By in Sci Fi & Paranormal

Science Fiction Short Story Review: “Old Rambling House” by Frank Herbert

Ted and Martha Graham are pretty sure they’re about to land a deal that’s too good to be true. A foreign-sounding couple wants to swap their old rambling house out in the boonies for their trailer. With the baby on the way, the Grahams are looking for something with more room. Also, Ted’s career as a tax accountant hasn’t been going as well as planned. Seems there aren’t as many wealthy people in the area as he first thought.

The foreign-sounding couple appears. The man introduces himself as Clint Rush and his wife as Raimee. After giving the trailer a cursory going-over, Rush offers to drive the Grahams to the house since the place is hard to find at night. And he and Raimee have other business in town later on so they’ll leave Ted and Martha to explore the house and pick them later.

The house is off a country road, high in the hills. The Rushes leave them alone to discuss things. It’s everything Martha dreamed of, but Ted senses, not for the first time, that something is very wrong. In his estimation, the house is worth $100,000 while their trailer is worth barely $7000.

“But they’re foreigners,” Martha says. How would they know that they’re getting into?

It’s already too late.

This is cute and funny. The ending was a little weak, but not unforgivably so. There is a clue in the first sentence that things aren’t going to go as planned, and Ted knows that some thing’s not right, but never acts on his gut feeling. Instead, he—like his wife—goes with greed and the trap is sprung.

Author Frank Herbert is best remembered for his Dune books, but he was also a journalist. During the Second World War, he served with the Seebees as a photographer.

Title: “Old Rambling House” first published in Galaxy Science Fiction April 1958
Author: Frank Herbert (1920-1986)
Source: ISFDB




Last review: "The Far Lands" by John Buchan

Last sci fi review: "Tight Squeeze" by Dean C. Ing


©2015 Denise Longrie


An earlier version of this review appeared on another site. It has been removed and is no longer visible there. It has been updated and expanded for its inclusion in PP.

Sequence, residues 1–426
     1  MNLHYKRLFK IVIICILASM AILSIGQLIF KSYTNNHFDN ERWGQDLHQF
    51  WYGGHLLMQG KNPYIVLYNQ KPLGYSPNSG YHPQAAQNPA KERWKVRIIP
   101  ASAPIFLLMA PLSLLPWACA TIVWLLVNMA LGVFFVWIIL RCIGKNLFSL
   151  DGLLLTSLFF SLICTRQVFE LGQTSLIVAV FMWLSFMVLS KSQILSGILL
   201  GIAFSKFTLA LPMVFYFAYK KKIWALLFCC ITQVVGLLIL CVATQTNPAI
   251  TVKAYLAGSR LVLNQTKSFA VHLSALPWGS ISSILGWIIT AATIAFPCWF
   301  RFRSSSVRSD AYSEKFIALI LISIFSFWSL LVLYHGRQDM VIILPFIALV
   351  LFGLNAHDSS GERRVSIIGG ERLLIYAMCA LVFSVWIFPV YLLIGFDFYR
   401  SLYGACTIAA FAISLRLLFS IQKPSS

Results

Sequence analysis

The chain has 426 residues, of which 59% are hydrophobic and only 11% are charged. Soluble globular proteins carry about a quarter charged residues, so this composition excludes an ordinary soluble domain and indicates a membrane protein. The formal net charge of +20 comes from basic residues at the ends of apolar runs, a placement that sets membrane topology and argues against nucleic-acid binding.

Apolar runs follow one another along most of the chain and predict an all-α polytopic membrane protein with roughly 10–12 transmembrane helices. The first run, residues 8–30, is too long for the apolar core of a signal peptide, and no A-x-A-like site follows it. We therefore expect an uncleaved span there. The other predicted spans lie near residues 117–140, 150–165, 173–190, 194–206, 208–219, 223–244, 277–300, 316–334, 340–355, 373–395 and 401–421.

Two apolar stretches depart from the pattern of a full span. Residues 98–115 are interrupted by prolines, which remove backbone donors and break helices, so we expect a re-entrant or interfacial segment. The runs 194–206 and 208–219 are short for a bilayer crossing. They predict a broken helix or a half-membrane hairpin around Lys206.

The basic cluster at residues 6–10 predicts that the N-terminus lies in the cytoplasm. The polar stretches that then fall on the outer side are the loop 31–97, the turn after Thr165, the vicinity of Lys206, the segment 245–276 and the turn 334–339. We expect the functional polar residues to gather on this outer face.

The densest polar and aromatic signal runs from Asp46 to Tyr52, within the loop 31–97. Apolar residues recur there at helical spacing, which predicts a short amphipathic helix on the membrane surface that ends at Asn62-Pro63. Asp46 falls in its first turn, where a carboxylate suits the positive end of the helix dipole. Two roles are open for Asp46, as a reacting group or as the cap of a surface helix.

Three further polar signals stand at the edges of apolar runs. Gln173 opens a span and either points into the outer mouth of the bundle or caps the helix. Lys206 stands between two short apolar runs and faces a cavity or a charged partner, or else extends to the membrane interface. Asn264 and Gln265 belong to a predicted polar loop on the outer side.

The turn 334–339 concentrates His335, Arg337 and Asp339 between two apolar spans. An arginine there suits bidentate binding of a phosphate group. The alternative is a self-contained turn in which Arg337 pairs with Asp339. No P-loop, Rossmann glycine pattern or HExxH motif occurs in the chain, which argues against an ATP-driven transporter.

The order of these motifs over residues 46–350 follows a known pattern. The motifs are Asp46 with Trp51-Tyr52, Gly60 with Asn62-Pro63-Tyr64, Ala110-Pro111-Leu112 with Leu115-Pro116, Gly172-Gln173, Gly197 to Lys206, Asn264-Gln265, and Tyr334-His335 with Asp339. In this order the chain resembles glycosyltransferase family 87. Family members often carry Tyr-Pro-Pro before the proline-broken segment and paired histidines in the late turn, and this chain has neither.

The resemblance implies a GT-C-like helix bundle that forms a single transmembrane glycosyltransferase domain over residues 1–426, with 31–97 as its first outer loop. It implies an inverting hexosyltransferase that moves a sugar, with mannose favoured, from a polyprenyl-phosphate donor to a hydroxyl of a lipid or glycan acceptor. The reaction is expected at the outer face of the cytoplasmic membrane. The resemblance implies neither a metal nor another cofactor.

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DWDavisRSL wrote on November 8, 2015, 9:04 AM

I am a big fan of Frank Herbert's Dune books and knew he'd written short stories, among his other accomplishments. I believe I read this story many years ago as the plot is eerily familiar. I will have to look it up and give it another read.

msiduri wrote on November 8, 2015, 9:14 AM

I loved the first couple of Dune books. They just seemed to lose steam after a while. The litany against fear was good. Plus, I was always reading Greek mythology, so the "house of names of things—Leto, etc. always struck chords.

Rufuszen wrote on November 8, 2015, 11:39 AM

I was never able to get into his writing and the film didn't do a great deal to warm me to it

msiduri wrote on November 8, 2015, 1:26 PM

The first movie from the 80s was ugly to look at, IMHO, and just sucked the life out of the story.

Rufuszen wrote on November 8, 2015, 3:12 PM

Yes, if it hadn't been for Patrick Stewart I'd have never seen it!

MegL wrote on November 8, 2015, 4:42 PM

The Dune books were very good, although I was not too fond of the ending.

DWDavisRSL wrote on November 8, 2015, 4:44 PM

I agree the original three books were by far the best.

msiduri wrote on November 8, 2015, 5:47 PM

MegL They have kept going and going and going.... Herbert's son, I believe has kept writing them. I stopped reading them after about the third or fourth.

MegL wrote on November 9, 2015, 1:14 AM

Yes, I like trilogies and even longer series but when they start getting to volume 13 or 14 I think, "Enough"!

msiduri wrote on November 9, 2015, 6:57 AM

One exception is Jim Butcher's Dresden Files books. I love the stuff. Don't ask me why. Some books are better than others, of course.

CalmGemini wrote on November 11, 2015, 6:09 AM

I have not read this story yet.Will be looking up reading it soon.

msiduri wrote on November 11, 2015, 8:09 AM

It's a cautionary tale. They really should have known better, but— If you read it, left use know what you think.